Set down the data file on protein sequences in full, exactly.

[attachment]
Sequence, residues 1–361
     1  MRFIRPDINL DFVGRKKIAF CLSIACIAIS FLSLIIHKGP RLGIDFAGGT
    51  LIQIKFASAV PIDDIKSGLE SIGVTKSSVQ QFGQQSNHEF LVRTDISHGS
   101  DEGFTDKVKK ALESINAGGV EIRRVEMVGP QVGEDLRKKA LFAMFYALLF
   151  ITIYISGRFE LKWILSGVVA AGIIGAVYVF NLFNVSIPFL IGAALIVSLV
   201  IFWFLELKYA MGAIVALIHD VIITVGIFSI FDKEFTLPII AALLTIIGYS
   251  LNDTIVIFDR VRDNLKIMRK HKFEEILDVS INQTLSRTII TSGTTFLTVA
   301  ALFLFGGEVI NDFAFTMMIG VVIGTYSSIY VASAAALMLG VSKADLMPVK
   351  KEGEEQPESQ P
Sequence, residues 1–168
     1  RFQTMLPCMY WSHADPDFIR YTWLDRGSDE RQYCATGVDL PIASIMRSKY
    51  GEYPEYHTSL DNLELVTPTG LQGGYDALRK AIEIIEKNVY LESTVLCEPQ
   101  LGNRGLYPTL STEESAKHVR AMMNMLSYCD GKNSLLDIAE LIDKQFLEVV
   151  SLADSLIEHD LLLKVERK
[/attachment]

Sequence, residues 1–361
     1  MRFIRPDINL DFVGRKKIAF CLSIACIAIS FLSLIIHKGP RLGIDFAGGT
    51  LIQIKFASAV PIDDIKSGLE SIGVTKSSVQ QFGQQSNHEF LVRTDISHGS
   101  DEGFTDKVKK ALESINAGGV EIRRVEMVGP QVGEDLRKKA LFAMFYALLF
   151  ITIYISGRFE LKWILSGVVA AGIIGAVYVF NLFNVSIPFL IGAALIVSLV
   201  IFWFLELKYA MGAIVALIHD VIITVGIFSI FDKEFTLPII AALLTIIGYS
   251  LNDTIVIFDR VRDNLKIMRK HKFEEILDVS INQTLSRTII TSGTTFLTVA
   301  ALFLFGGEVI NDFAFTMMIG VVIGTYSSIY VASAAALMLG VSKADLMPVK
   351  KEGEEQPESQ P
Sequence, residues 1–168
     1  RFQTMLPCMY WSHADPDFIR YTWLDRGSDE RQYCATGVDL PIASIMRSKY
    51  GEYPEYHTSL DNLELVTPTG LQGGYDALRK AIEIIEKNVY LESTVLCEPQ
   101  LGNRGLYPTL STEESAKHVR AMMNMLSYCD GKNSLLDIAE LIDKQFLEVV
   151  SLADSLIEHD LLLKVERK